“Mai Mai Miracle” is based on an autobiography by Nobuko Takagi, so you could probably draw comparisons here with Isao Takahata’s “Only Yesterday”, but the closest this film comes to is “My Neighbour Totoro”, especially with its low fantasy elements and realistic setting. However the elements of reality and fantasy never really mix as they do in “Totoro” and the film is pitched at a slightly older audience. Like “Totoro”, it’s set in 1950’s rural Japan and there is a sequence where Shinko’s little sister becomes lost, but that is where the comparisons end. What makes the film work is the personalities and interactions of the children. I really liked the contrasts between city girl Kiko Shimazu and her “country bumpkin” classmates. However what impressed me the most with this film is the fact that it doesn’t tend wallow in sentimentality too much (though it does teeter on the edge toward the end) or makes out that 1950’s rural Japan was a better time than the present. Suicide, the failure of adult relationships, deaths of loved ones and even the seedy red light district of the town are shown. You’d never see that kind of stuff in an American family film. What’s interesting is that most of the first half almost exclusively focuses on the children, then in the second half the lives of the adults gradually creep into the plot. The message that comes across loud and clear is that the adults in this film aren’t exactly prefect. A lot of them are terribly flawed.

The thing which didn’t quite work for this film was the switch between modern times and the Heian era, mainly the attempt to link Shinko and Kiko with Princess Nagiko who lived in the same area a thousand years ago. While it did partly work at times, there just didn’t seem to be any real connection between the past and the present, save for a very short scene where Shinko and Kiko happen across an archaeological dig and some of the remnants from that time period such as the canals. Certainly the first half of the film moves rather slowly as we are introduced to the characters, setting and the way of life of the town. Maybe more time should have been spent linking the past and present together. Perhaps through an item that Shinko’s family owned, or the stories in the past and present could have mirrored one another. Despite that flaw the film is really entertaining, and like most Madhouse films the animation is just gorgeous. I think it’s a real shame that this film didn’t receive the same attention that its sister film, “Summer Wars” had.

Surprisingly in February 2014, UK anime video distributor All the Anime announced a Kickstarter for the film so it could be released on Blu-ray (for UK and US backers only unfortunately). Even though the film was pretty much unknown outside Japan and not really on the radar of western fans, it reached its funding target within less than a day. Unfortunately due to getting approvals from Katabuchi himself, who was busy directing “In This Corner of the World”, it took until November 2016 for the Blu-ray/DVD sets of the film to be finally shipped to backers. Seemingly the Japanese distributor also wanted to rerelease the film in Japan on home video, with the English dub that All the Anime had created, months before the Kickstarter copies shipped. I recently saw a few posts on a forum where a couple of the backers still hadn’t taken the shrink wrap off their copy, some six months after they had received it. I really find it weird that a lot of fans would seemingly rather collect than actually watch, cherish and enjoy films like this. I often wonder why these fans are fans.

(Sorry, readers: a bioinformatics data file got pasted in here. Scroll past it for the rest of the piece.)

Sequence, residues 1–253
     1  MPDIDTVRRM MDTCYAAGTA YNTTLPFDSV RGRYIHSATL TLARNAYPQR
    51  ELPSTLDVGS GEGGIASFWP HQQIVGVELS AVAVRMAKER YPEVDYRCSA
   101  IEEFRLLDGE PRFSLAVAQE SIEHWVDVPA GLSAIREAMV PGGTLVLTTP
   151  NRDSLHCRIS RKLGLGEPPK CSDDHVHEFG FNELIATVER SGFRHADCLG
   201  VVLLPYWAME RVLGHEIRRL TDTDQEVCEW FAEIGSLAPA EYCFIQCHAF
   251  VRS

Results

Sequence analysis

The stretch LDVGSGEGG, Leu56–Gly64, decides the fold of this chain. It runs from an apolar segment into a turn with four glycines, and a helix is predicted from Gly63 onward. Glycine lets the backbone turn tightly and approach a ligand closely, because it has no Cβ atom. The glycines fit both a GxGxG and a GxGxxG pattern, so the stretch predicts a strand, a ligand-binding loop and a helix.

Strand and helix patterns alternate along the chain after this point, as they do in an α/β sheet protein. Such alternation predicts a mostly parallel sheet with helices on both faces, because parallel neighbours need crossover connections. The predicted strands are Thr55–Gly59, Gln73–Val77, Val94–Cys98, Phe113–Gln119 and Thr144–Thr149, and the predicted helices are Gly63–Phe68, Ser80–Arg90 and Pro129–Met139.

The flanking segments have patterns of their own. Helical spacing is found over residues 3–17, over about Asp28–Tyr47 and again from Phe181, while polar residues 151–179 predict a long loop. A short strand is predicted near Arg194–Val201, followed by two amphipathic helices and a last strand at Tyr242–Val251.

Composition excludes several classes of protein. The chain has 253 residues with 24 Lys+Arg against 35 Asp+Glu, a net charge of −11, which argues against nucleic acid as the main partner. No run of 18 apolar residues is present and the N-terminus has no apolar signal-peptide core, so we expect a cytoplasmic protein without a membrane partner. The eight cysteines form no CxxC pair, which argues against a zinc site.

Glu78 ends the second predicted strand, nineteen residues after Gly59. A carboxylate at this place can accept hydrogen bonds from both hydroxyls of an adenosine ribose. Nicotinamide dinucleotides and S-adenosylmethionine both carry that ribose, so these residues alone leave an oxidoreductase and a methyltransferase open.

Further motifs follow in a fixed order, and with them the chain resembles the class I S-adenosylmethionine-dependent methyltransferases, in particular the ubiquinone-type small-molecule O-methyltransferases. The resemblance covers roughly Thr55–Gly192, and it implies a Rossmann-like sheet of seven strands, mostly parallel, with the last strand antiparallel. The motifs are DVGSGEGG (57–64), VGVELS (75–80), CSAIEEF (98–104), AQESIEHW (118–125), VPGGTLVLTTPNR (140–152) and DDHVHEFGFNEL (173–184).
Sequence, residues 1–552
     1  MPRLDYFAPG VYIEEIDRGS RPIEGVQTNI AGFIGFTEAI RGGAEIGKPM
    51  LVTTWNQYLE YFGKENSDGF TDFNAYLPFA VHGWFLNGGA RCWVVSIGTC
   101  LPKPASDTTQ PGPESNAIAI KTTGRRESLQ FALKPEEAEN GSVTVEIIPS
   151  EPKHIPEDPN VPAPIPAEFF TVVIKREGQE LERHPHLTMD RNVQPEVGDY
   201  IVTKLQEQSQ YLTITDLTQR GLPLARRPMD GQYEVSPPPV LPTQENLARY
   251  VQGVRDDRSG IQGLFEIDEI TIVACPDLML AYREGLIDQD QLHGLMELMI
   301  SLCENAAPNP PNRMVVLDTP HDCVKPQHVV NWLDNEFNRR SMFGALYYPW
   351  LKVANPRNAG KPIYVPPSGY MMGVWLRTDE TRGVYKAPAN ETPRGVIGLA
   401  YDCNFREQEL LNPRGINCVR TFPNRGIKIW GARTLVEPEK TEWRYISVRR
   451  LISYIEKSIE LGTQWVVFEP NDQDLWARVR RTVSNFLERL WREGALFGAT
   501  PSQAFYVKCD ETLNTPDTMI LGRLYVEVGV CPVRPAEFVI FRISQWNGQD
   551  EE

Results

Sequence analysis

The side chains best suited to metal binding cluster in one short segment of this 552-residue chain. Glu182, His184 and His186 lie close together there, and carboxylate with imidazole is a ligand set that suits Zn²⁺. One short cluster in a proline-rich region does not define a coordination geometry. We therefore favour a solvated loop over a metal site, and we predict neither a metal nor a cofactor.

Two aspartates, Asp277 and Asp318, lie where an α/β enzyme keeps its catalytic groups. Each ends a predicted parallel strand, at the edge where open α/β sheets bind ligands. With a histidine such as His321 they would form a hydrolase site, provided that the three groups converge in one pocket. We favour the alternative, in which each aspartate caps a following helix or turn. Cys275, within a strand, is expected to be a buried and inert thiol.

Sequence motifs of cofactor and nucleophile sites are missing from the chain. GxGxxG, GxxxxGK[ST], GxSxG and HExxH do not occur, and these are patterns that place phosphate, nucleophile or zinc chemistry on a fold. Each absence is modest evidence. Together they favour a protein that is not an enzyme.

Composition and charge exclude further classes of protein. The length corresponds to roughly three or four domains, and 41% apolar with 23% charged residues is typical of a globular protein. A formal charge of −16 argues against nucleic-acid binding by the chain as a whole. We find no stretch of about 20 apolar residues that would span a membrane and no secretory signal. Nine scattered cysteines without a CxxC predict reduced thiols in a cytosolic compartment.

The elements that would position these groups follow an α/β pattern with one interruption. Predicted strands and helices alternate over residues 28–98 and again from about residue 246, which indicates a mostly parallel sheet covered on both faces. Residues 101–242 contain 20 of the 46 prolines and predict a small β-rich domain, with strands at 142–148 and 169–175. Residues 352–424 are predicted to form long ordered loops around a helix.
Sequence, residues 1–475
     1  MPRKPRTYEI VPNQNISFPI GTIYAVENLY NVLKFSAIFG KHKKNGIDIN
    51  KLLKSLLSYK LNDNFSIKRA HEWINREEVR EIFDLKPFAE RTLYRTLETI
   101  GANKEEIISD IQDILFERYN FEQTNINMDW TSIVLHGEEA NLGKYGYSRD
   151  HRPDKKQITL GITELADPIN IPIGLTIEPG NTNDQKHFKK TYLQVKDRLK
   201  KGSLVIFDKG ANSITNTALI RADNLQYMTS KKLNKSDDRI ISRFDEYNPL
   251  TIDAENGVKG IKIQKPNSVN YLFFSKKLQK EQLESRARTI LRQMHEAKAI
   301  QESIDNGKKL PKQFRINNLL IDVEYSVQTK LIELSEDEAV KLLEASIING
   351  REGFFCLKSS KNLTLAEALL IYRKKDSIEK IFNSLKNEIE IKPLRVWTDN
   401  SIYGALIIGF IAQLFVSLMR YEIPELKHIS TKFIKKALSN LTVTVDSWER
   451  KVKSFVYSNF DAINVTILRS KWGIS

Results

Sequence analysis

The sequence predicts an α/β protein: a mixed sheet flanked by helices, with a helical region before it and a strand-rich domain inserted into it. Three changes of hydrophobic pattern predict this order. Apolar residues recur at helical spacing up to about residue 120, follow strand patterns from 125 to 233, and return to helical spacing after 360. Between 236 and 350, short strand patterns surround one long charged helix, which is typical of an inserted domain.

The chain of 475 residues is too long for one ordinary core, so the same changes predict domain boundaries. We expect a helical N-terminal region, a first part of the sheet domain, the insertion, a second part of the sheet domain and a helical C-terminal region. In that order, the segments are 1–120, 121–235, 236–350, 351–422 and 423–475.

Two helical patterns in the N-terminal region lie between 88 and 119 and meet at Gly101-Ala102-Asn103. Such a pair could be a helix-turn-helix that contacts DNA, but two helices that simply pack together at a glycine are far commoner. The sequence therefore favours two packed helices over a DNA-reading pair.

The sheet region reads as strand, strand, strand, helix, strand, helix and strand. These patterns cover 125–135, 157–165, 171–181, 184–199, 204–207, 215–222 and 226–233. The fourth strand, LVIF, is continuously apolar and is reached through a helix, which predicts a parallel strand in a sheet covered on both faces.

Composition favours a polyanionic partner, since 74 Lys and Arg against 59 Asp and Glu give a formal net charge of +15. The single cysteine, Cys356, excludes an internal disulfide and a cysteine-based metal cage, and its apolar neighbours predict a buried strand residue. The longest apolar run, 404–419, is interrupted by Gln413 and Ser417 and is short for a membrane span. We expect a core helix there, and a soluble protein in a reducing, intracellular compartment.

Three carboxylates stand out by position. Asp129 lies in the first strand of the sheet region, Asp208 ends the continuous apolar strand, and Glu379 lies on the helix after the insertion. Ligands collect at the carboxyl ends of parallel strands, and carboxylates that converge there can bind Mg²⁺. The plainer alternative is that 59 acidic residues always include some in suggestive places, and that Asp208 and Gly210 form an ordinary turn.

This general release of the film, which doesn’t include the art book or the same packaging the Kickstarter versions had, was released in June 2017. It includes the film on Blu-ray and DVD with several on disc special features; the Japanese theatrical trailer, creditless closing animation and a 15 minute interview with Michael Sinterniklaas of NYAV Post who produced the English dub. Summing up, this is a pretty good family film. The animation is top notch and story is quite touching. The major problem is there really isn’t much of a link between the two stories being told. At times the Princess Nagiko parts of the film seem divorced from Shinko and Kiko’s world. I hadn’t seen the film for around five years and this time around I don’t think I quite enjoyed it as much as the previous viewing. 7 out of 10.

Remaining Backlog: 16 TV series, 7 OVAs and 13 movies. In addition I am also waiting for additional parts of four TV series to be released before viewing them.